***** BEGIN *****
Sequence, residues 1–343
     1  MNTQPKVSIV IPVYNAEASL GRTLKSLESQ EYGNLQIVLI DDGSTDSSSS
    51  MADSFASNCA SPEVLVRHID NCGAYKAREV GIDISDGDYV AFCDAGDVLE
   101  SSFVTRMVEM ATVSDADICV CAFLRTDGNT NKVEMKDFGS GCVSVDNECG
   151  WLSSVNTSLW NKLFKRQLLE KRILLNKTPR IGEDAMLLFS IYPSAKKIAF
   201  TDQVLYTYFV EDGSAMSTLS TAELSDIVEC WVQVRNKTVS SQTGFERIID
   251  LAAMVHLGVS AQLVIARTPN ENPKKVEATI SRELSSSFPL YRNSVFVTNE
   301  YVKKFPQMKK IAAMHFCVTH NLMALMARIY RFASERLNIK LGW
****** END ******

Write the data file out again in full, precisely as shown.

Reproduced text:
Sequence, residues 1–343
     1  MNTQPKVSIV IPVYNAEASL GRTLKSLESQ EYGNLQIVLI DDGSTDSSSS
    51  MADSFASNCA SPEVLVRHID NCGAYKAREV GIDISDGDYV AFCDAGDVLE
   101  SSFVTRMVEM ATVSDADICV CAFLRTDGNT NKVEMKDFGS GCVSVDNECG
   151  WLSSVNTSLW NKLFKRQLLE KRILLNKTPR IGEDAMLLFS IYPSAKKIAF
   201  TDQVLYTYFV EDGSAMSTLS TAELSDIVEC WVQVRNKTVS SQTGFERIID
   251  LAAMVHLGVS AQLVIARTPN ENPKKVEATI SRELSSSFPL YRNSVFVTNE
   301  YVKKFPQMKK IAAMHFCVTH NLMALMARIY RFASERLNIK LGW